Note: the video below was recorded in December 2021. References to “next year” thus refer to 2022.
Except for a brief pause around the COVID-19 Omicron variant discovery, loan spreads have continued their steady march tighter, more so since mid-September, when expectations around US Federal Reserve tapering and rate hikes started to increase, which has provided tailwinds to the floating-rate bank loan sector.Technical conditions remain healthy—record collateralized loan obligation (CLO) issuance and retail demand have supported loan prices. While there may be a lull in loan market activity in the early part of 2022 as market participants absorb the implications of the transition from London Interbank Offered Rate (LIBOR) to Secured Overnight Financing Rate (SOFR), we believe CLOs will continue to be an attractive option for investors, which supports loan valuations and provides a floor on loan prices. In general, retail flows have been consistently positive in 2021, driven by an expectation that interest rates will rise.1 We believe current loan spreads are attractive, and technical conditions remain in favor of a tightening trajectory. We also believe expectations around the timing of an interest rate liftoff will be a key determinant of credit market sentiment.
As expected, the path to full recovery has been uneven across industries and issuers as economies fully reopen, depending on trends in office vs. remote work, safety restrictions on indoor and outdoor capacity in various sectors and ultimate demand for activities and services that have been reopening. Office supply businesses have been slow to recover as have certain aerospace issuers and leisure issuers such as gyms and movie theaters. Supply-chain disruptions and labor and input cost inflation have been headwinds in certain cases as well. Demand for chemicals, packaging, and building materials has been strong, but margins have been negatively impacted by higher resin and other input costs and/or higher container rates. Many issuers have been able to push through price increases to offset a portion or all of the higher costs, albeit with a lag. Consumer, retail and food issuers have also faced higher input costs and labor inflation, with varying abilities to pass on price increases.
On the other hand, some issuers are benefiting. Commodity issuers are clearly benefiting from inflation, and loan prices have been lifted most in these sectors in 2021, although we would note that these industries represent just 5% of the loan market. We are mindful of cyclical upswings that might be winding down for certain sectors that had thrived during the pandemic. At the same time, we are on the lookout for loan issuers with business models that will likely benefit the most from permanent changes in consumption patterns/behaviors and work habits in a post-COVID-19 world.
If we observe volatility on account of supply-chain issues and cost inflation, changing expectations on the timing of rate hikes or potential macroeconomic challenges posed by the Omicron variant, on a selective basis we would consider such periods as buying opportunities, as we believe corporate fundamentals are still healthy.
In general, we favor B-rated loans, especially those with LIBOR floors. As the likelihood of rising prices and interest rates is higher than it has been in the last several years, we maintain our view that industries with challenged fundamentals could be more adversely affected than others, especially those with ongoing supply-chain woes. Amid idiosyncratic issuer risk, prudent security selection remains paramount, in our view.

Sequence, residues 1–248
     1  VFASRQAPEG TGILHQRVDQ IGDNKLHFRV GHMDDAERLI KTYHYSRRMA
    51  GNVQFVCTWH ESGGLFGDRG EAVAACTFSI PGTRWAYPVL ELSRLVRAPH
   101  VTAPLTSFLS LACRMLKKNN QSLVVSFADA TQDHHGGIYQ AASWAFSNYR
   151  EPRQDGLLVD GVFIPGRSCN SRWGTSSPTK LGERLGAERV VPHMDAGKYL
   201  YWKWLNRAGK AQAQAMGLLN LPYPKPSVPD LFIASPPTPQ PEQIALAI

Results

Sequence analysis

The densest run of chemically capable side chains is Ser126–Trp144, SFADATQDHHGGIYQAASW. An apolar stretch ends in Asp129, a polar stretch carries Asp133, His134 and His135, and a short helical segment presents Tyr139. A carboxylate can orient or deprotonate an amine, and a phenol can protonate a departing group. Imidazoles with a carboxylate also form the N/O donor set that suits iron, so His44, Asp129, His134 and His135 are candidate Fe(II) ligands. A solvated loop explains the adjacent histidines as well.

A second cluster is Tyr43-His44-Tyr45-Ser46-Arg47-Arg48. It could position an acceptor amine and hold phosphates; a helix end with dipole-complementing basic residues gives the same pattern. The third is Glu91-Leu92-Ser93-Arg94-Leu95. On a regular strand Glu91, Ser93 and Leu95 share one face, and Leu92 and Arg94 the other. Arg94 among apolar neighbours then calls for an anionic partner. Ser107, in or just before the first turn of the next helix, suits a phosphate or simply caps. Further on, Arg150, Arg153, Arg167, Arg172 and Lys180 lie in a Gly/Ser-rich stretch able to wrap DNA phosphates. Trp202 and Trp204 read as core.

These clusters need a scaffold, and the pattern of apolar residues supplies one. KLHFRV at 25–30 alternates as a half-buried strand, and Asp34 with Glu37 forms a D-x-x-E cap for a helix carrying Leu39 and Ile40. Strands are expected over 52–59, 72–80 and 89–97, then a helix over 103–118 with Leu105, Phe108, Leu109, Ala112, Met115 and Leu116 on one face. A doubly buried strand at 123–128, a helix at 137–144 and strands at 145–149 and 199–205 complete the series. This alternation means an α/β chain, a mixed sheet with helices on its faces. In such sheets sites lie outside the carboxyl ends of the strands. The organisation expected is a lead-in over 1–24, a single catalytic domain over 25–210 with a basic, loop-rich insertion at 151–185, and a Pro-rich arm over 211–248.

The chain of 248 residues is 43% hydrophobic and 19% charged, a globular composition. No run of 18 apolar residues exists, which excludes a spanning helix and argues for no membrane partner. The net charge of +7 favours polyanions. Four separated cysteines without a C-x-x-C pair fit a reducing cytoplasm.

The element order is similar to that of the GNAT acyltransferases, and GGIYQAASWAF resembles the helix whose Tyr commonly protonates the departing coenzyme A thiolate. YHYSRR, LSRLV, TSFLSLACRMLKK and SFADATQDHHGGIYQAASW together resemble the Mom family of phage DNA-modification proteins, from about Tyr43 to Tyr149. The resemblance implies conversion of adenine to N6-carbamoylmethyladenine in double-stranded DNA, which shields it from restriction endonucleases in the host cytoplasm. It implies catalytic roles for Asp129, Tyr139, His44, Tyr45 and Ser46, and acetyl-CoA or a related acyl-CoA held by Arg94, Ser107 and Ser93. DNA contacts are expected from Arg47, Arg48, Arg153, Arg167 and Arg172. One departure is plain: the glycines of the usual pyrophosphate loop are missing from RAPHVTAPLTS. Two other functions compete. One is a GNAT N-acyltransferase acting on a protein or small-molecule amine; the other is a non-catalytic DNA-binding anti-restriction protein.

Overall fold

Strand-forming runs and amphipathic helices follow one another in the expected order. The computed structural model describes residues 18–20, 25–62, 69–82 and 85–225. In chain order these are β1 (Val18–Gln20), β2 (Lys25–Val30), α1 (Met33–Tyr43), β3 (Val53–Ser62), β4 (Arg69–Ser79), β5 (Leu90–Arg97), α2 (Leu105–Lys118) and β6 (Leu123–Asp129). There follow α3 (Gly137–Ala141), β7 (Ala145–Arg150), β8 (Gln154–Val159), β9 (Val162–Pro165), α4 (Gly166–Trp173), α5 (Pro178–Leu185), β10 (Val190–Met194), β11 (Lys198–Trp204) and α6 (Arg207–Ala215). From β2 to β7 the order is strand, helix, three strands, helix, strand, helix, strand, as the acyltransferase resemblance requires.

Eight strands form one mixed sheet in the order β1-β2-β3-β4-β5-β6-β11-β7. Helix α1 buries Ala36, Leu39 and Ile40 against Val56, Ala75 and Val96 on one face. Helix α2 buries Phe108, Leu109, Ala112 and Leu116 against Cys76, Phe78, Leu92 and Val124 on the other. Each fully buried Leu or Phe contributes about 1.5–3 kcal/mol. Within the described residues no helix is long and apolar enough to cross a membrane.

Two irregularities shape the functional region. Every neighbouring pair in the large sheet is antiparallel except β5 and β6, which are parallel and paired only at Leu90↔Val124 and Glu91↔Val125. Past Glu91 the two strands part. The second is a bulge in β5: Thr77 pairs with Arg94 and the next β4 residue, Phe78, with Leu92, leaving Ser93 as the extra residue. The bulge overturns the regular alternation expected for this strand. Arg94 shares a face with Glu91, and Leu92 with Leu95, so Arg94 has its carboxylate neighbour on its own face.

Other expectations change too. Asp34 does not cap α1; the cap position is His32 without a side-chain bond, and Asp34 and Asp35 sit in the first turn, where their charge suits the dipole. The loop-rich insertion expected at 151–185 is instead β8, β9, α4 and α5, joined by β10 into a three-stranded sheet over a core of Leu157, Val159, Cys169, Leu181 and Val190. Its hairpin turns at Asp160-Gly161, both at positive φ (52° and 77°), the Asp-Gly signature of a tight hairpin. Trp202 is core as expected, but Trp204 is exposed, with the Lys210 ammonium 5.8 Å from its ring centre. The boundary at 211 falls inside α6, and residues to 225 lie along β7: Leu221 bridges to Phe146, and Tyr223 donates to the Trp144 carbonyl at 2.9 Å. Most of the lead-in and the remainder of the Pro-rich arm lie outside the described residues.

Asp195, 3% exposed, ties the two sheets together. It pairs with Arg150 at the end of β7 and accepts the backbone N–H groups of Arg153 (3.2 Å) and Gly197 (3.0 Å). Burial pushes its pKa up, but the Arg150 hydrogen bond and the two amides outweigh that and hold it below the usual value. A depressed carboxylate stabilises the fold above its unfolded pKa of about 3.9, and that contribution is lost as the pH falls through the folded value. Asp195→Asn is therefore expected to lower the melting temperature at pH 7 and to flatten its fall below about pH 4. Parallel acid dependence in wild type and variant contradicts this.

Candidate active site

Despite the potential headwinds that persistent inflationary pressures could bring, we continue to believe that supply-chain disruptions and inflation have the potential to delay, but not derail, full recovery. We also do not expect a high probability of large-scale fundamental weakness in the loan market over the next year, especially to such a degree that it eclipses the significant technical tailwinds for floating rate assets. We maintain our constructive outlook for the bank loan sector—over the next 12 months, technical conditions should remain strong and fundamentals broadly constructive with subdued default rates, against the backdrop of a rising interest-rate environment.
What Are the Risks?
All investments involve risks, including possible loss of principal. Bond prices generally move in the opposite direction of interest rates. Thus, as prices of bonds in an investment portfolio adjust to a rise in interest rates, the value of the portfolio may decline. Investments in lower-rated bonds include higher risk of default and loss of principal. Special risks are associated with foreign investing, including currency fluctuations, economic instability and political developments. Investments in emerging markets involve heightened risks related to the same factors, in addition to those associated with these markets’ smaller size and lesser liquidity. Floating-rate loans and debt securities tend to be rated below investment grade. Investing in higher-yielding, lower-rated, floating-rate loans and debt securities involves greater risk of default, which could result in loss of principal—a risk that may be heightened in a slowing economy. Interest earned on floating-rate loans varies with changes in prevailing interest rates. Therefore, while floating-rate loans offer higher interest income when interest rates rise, they will also generate less income when interest rates decline. Changes in the financial strength of a bond issuer or in a bond’s credit rating may affect its value.
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1. Sources: Franklin Templeton Fixed Income Research, JP Morgan. As of October 2021. There is no assurance any estimate, forecast or projection will be realized.